Catadioptric telescopes such as Schmidt-Cassegrain or Maksutov-Cassegrain, use lenses and mirrors to gather and focus the visible light from the object. Catadioptric telescopes combine lenses and mirrors of specific shape to form an image. They allow fewer aberrations than refractor or reflector telescope which use only one or the other. By using both lenses and mirrors, the operator can focus in on more distant objects along with those that reflect less light. Professional stargazers as well as scientists prefer this type of telescope.
When both the salient features of the refractor and reflector telescopes are consolidated into one, you will most probably be left with a Catadioptric telescope. For the desired image to be magnified and viewed, both the mirrors and lenses direct and reflect the light towards a bigger mirror, thus, offering an overall better view. Although these sleek devices are small and easy to maneuver, they come with a heavy price. The Schmidt variety and the Maksutov are two very coveted variations of the Catadioptric telescopes. These scopes are the most versatile telescopes and have the best all around, all purpose design. The Schmidt-Cassegrain and Maksutov-Cassegrain telescopes are very light and portable. They have a large aperture in a very small tube. Away from city, with reasonably dark skies, an 8″ SC provides excellent views of the Moon, planets, comets, galaxies, nebulae and other faint deep-sky objects and can be used for astrophotography with good results. With a hefty tripod and mount, the larger models (10″ & 12″) can be a bit cumbersome for one person. There are more accessories available for these scopes than the other two. These telescopes are very popular with beginners as well as armature. Fully computerized “GO TO” telescopes with auto finding capability are also available, if you want to pay the price.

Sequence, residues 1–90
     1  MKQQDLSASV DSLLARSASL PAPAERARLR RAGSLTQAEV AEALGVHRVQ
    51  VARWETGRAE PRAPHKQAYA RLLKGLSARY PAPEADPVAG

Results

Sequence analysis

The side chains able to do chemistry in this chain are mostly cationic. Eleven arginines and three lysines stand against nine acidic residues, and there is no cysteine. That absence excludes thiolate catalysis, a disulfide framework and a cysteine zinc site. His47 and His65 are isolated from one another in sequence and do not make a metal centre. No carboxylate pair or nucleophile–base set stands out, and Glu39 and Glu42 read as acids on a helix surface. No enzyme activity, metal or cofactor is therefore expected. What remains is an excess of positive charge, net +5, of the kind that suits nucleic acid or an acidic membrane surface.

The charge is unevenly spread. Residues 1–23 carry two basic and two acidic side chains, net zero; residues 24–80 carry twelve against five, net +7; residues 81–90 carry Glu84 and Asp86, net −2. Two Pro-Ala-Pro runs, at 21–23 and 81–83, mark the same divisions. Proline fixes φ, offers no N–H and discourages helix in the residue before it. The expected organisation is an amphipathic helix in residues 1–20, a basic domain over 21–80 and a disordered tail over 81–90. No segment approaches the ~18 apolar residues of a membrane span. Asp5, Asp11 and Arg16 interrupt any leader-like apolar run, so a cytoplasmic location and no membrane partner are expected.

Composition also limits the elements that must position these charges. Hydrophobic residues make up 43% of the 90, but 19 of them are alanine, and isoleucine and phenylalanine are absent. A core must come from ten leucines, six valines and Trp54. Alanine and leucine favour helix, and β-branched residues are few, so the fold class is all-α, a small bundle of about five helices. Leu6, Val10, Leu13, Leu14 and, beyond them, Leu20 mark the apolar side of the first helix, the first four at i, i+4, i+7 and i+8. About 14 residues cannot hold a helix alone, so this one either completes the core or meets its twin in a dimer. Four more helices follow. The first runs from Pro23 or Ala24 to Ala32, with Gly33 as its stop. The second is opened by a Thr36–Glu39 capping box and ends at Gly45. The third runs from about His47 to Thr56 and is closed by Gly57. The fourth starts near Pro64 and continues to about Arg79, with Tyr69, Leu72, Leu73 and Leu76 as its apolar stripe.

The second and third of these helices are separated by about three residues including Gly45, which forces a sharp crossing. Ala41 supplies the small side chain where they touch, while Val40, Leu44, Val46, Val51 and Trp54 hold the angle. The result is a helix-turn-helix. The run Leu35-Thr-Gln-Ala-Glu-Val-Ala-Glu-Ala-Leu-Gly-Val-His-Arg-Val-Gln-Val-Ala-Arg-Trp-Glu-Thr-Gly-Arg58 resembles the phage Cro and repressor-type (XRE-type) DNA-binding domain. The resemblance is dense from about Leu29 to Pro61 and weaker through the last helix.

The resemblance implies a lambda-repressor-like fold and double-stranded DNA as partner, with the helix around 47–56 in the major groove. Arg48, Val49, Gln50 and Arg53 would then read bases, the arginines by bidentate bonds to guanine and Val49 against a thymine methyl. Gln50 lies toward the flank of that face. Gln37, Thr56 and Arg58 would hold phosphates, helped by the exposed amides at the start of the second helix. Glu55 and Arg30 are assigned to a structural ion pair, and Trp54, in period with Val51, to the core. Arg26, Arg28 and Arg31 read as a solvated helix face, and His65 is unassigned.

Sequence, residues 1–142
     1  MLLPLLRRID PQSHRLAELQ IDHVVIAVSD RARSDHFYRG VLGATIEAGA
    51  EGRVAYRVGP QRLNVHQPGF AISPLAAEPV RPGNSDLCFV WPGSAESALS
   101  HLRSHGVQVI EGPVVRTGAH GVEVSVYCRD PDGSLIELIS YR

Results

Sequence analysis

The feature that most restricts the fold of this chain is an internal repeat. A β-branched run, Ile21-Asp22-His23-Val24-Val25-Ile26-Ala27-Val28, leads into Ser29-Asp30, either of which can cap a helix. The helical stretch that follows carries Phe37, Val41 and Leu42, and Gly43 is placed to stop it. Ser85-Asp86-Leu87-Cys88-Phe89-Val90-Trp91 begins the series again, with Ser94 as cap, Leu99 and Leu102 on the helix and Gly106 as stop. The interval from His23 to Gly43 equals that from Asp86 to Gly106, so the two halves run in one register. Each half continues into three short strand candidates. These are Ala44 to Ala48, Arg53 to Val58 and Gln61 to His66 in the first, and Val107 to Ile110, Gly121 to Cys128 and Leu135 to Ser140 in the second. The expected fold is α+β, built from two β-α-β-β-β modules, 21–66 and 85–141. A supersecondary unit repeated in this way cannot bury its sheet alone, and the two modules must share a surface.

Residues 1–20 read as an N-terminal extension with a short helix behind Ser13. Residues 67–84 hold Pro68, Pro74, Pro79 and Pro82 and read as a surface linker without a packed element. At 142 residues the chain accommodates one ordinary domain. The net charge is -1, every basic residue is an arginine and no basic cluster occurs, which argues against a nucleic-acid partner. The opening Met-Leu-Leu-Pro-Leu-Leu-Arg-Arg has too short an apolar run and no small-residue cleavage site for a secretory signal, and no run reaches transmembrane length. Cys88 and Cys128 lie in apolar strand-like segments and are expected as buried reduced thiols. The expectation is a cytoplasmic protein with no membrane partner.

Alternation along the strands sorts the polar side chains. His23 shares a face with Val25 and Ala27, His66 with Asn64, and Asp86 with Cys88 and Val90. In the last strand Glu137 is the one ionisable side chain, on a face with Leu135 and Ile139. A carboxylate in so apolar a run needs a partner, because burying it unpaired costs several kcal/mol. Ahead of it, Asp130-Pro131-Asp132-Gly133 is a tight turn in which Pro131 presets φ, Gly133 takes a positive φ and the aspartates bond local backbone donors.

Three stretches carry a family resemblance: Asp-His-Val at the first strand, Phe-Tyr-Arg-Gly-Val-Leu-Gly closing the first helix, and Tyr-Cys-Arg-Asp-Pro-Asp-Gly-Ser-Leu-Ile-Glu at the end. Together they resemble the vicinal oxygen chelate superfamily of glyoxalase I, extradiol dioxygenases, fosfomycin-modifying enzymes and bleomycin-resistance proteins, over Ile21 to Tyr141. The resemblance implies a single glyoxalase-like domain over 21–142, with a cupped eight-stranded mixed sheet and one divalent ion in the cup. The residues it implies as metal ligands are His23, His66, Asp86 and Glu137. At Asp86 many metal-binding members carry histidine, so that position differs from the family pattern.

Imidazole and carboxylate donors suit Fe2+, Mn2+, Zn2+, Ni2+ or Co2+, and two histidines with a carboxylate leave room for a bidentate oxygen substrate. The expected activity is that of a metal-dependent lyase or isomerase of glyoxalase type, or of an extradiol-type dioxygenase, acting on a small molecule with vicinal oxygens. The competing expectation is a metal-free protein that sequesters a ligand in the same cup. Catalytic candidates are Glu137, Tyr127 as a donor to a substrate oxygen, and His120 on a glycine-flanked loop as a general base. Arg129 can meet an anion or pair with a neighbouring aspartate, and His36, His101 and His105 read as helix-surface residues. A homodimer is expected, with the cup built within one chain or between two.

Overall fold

There are several advantages associated with this type of optical telescope:
- Most versatile type of telescope.
- Has a better near-focus capability than other types of telescopes.
- Excellent for deep sky observing or astrophotography with fast films or charged-coupled devices (CCDs) used in detecting images.
- Great for lunar, planetary, and binary star observing plus terrestrial viewing and photography.
- Closed tube design reduces the need for cleaning as the dust can’t penetrate as easily.
- Compact and durable.
There are several disadvantages associated with catadioptric telescopes:
- Much more expensive than reflectors or refractors.
- Not as appealing to the eye as its counterparts.
- Some slight light loss due to secondary mirror obstruction when compared to refractors.
Despite the disadvantages, the catadioptric telescope is by far the best one of the three main types to use. The multiple lenses and mirrors cut out aberrations and allow users to see more than they would with the refractor or reflector telescopes.